Rendezvous, 18 x 18 inches, oil on linen
Yes, I do use photo references. Hardly ever for landscapes, and usually not for in-studio figurative works. But I need structural references when I'm painting cityscapes and figures in environments outside of the studio - like this one I'm posting today.
The thing is, I'm not a very good photographer. I can take decent photos if I all the planets aligned at the point when I press the shutter, but that rarely happens. Consequently, if I'm out in the city taking reference photos, I'm not thinking too much about specific paintings. I'm just shooting (often while driving) anything that catches my eye. What I end up is a ton of crappy snapshots.
But that's OK, I always find a few that has potential. The thing is, these photos never result in good paintings if I just painted them as they are. They need to be altered, sometimes subtly, sometimes drastically, in order for a workable composition to emerge. If I were a really good photographer, this may not be the case, but like I said, I'm not.
Here's the reference photo I used to make the painting;
What do you think? Taking liberties? You bet. For me, photo references need to offer information without which I can't build a painting. In this case, I needed the reference for the gestures of the couple. I can't make that up. But everything else is supporting cast, you see. I simplified the environment to showcase the two figures.
Using the photo reference this way, it's important to be clear about what's essential and what's not. And in order to know what's essential, you need to first have an idea about what the painting is going to be about. This is the concept. Composition supports the concept, and visual elements are manipulated to make an effective composition. If you are very clear about the concept, the editing decisions shouldn't be too difficult or confusing.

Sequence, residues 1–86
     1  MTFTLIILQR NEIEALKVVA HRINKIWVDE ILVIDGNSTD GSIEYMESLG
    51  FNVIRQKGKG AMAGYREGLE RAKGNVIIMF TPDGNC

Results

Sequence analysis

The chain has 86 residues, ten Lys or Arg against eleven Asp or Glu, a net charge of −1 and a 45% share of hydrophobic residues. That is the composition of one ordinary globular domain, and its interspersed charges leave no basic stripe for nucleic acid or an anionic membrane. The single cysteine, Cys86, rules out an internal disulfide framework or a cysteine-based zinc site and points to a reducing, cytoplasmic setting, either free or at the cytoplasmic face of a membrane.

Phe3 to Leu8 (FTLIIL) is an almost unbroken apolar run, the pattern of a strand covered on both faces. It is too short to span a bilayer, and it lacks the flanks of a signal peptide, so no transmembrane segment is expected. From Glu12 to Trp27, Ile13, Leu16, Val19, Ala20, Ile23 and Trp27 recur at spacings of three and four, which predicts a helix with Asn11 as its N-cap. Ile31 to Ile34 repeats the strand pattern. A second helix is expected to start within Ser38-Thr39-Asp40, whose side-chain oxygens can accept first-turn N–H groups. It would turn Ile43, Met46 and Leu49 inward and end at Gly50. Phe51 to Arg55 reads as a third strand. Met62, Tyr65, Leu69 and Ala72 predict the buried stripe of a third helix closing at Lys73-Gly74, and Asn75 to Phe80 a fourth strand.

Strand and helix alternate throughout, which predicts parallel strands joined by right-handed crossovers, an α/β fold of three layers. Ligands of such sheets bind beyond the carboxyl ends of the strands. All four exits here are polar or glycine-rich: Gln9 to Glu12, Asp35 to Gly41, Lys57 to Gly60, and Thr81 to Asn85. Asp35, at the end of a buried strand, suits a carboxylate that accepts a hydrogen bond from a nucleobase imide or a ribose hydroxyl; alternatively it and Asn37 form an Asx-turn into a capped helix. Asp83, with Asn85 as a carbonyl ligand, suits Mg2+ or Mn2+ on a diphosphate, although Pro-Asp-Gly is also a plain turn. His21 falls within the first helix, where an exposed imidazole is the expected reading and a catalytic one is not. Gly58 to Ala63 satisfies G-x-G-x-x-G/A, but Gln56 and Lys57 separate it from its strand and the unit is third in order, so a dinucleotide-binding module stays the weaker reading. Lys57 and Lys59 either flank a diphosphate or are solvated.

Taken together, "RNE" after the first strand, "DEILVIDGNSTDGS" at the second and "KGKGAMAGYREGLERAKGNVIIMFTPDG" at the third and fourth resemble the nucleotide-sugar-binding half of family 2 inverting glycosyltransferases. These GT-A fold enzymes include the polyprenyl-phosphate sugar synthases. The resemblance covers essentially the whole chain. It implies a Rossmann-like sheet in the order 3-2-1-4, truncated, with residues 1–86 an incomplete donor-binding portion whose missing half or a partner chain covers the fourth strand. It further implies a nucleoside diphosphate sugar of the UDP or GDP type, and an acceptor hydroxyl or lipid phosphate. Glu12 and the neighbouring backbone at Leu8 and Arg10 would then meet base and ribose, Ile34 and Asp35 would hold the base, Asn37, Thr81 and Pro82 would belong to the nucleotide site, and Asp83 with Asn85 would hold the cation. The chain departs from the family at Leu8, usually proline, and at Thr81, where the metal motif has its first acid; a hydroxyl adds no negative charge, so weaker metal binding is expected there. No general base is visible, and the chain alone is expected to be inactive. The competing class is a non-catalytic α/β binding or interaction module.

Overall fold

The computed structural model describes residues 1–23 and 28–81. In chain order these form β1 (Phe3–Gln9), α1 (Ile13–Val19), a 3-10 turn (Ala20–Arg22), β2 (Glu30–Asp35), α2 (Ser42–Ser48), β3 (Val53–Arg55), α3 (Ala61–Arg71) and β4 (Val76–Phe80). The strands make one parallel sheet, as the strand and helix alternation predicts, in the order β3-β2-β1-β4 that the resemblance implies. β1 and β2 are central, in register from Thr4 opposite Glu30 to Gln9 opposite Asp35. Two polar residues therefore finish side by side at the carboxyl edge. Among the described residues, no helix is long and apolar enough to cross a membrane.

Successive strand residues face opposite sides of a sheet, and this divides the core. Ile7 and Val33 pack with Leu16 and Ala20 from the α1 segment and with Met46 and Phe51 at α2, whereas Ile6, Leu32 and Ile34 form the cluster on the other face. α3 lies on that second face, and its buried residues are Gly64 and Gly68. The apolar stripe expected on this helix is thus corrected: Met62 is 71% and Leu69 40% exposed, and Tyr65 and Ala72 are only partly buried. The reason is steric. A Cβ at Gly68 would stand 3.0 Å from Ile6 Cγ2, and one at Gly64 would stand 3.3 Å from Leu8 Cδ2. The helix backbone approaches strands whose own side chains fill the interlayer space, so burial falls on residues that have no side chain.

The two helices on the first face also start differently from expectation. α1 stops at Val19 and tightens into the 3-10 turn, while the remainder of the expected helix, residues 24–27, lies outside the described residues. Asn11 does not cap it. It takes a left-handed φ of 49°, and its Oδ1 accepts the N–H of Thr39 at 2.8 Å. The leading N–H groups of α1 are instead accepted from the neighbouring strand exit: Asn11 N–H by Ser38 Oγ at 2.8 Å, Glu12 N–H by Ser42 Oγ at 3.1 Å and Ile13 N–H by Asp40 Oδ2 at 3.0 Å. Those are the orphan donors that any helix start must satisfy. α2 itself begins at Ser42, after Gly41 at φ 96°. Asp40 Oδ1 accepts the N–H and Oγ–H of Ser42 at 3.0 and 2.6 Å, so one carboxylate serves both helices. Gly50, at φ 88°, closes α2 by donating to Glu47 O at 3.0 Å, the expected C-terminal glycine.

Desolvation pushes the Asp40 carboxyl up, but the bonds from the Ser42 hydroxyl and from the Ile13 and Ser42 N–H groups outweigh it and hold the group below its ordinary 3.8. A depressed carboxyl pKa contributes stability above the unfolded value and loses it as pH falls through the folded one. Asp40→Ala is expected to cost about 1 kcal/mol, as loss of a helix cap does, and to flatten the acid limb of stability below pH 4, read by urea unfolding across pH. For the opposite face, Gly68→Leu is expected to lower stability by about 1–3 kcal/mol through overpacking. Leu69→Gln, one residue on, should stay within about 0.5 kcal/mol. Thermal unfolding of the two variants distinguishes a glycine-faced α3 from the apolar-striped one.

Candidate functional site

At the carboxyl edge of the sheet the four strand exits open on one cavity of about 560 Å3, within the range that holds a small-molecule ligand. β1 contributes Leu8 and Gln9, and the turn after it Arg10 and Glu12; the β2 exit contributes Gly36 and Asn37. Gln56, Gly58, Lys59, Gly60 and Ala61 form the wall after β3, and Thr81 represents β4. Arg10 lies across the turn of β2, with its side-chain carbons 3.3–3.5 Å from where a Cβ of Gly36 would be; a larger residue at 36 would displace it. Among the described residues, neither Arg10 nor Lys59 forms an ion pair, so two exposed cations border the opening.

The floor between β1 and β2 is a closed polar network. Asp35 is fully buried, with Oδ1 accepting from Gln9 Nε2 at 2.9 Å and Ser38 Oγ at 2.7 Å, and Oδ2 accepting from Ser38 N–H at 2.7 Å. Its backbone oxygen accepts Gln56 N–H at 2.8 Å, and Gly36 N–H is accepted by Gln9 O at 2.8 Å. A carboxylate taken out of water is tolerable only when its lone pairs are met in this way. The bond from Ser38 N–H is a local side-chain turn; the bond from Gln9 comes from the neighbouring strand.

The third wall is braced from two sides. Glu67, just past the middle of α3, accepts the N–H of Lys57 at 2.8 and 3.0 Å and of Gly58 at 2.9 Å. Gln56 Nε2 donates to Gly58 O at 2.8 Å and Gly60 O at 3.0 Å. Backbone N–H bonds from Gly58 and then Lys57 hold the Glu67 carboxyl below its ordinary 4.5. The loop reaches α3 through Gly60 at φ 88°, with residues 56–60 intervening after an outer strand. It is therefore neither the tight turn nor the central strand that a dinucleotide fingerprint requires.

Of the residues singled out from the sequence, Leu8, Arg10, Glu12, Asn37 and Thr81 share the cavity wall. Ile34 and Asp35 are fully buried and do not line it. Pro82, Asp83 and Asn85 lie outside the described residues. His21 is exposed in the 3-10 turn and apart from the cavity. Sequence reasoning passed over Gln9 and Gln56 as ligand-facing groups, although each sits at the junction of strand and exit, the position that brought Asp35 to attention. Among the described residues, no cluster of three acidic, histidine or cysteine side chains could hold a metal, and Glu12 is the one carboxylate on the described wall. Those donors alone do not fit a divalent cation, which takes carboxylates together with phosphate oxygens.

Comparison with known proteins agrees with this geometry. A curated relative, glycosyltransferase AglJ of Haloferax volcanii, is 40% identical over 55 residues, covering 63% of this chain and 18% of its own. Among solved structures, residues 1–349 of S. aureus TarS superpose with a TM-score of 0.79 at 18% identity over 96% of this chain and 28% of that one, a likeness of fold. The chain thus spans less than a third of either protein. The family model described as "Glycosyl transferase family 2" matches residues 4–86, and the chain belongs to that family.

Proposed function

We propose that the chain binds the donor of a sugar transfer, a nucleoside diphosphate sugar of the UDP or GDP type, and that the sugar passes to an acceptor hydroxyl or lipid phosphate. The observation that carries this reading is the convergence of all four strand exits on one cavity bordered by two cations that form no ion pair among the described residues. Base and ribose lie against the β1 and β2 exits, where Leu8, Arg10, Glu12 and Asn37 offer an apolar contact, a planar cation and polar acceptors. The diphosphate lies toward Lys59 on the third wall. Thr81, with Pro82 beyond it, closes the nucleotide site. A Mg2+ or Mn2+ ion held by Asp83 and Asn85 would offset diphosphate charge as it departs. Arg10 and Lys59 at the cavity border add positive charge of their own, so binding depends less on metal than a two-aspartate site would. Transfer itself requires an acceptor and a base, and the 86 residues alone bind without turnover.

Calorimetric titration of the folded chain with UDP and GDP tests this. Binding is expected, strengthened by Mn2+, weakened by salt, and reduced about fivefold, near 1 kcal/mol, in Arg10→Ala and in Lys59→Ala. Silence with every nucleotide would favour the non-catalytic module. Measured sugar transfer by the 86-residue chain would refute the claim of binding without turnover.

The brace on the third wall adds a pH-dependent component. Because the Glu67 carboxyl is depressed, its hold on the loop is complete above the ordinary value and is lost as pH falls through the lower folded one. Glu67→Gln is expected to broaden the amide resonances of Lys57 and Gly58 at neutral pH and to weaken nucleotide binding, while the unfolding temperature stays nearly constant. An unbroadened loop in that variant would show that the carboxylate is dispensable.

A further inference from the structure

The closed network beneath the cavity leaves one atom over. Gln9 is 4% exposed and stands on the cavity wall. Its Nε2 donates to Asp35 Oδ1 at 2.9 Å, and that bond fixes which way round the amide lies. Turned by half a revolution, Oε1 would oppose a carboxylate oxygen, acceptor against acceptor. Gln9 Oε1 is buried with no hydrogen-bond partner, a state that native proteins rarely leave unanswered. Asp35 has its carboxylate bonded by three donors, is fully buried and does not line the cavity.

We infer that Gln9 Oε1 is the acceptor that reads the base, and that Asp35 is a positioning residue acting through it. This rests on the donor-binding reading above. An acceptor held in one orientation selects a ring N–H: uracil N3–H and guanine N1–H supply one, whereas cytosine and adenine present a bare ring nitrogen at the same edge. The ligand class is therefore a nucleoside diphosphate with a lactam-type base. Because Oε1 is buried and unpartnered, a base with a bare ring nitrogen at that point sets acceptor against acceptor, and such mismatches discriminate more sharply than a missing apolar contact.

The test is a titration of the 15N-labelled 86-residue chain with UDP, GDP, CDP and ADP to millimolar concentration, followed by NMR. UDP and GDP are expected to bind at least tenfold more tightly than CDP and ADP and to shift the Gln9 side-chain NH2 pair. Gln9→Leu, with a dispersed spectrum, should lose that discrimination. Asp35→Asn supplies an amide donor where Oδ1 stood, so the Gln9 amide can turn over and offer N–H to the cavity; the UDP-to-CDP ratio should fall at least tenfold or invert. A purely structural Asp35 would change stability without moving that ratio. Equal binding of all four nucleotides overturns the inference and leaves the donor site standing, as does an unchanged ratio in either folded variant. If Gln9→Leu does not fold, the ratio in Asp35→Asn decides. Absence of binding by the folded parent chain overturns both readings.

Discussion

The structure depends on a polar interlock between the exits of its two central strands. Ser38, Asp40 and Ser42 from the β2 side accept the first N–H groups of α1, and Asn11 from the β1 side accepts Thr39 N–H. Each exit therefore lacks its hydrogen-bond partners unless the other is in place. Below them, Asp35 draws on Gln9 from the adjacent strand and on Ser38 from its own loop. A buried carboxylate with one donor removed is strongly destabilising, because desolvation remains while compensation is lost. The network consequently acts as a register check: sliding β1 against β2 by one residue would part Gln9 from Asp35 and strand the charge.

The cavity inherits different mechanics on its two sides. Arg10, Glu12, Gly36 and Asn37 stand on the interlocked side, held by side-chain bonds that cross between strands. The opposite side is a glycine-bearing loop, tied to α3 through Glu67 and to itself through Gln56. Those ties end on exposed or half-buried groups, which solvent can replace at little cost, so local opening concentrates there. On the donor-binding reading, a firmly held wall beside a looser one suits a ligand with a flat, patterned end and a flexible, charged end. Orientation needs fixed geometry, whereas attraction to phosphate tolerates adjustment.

Is it important that the girl be wearing a sweatshirt? It wasn't important for my concept, but depending on your concept, the answer may be yes. And if so, is it important that it be blue? Do her pants have to be red? Does he have to be wearing a whit t-shirt? Shorts? Does the cafe wall have to be green? Why?
In art school, the instructors in some classes would bombard us with questions like these in an attempt to get us students to think more deeply about the concept, and I think it's good practice even if you aren't in school.
My aim was to create a sense of narrative which hinted at, but not explain, what the story was between these two people. I didn't want to spell it out for the viewer. I wanted the viewer to come up with his own storyline.
I changed their clothed to suggest there was some kind of story beyond just two people hanging out. The dark color of the dress allowed me to create contrast there, so that the woman became the primary focus. One of the first decisions I made was to assign primary and secondary roles to the two figures, since I didn't want the two to have equal visual weight.
I used the photo to get the light/shadow pattern on the woman. The man ended up in a dark suit in the shadow, so that I may create more mystery, and also play with the design by losing a lot of the edges of his contour.
In order to for the guy's head to be in shadow, I included the awning at the top of the painting. The lettering gave me an opportunity to include sharp, carefully drawn marks, adding to the variety of paint application I used in the picture. I only showed a section of the words and the street number, because that was enough to accomplish what I wanted the lettering for, and I didn't want this to be a specific place.
Being faithful to reference photo works in some cases, but for me, copying a photo doesn't give me any pleasure at all. Because my photos are mere snapshots, often random, they are usually not based on ideas. Without an idea to drive the composition, I would just be going through the motions. (Even a study or an exercise has a purpose. Or should.) In that sense, my reference photos provide necessary information, but if I want to express an idea with my painting, making a painted version of a photograph will never work.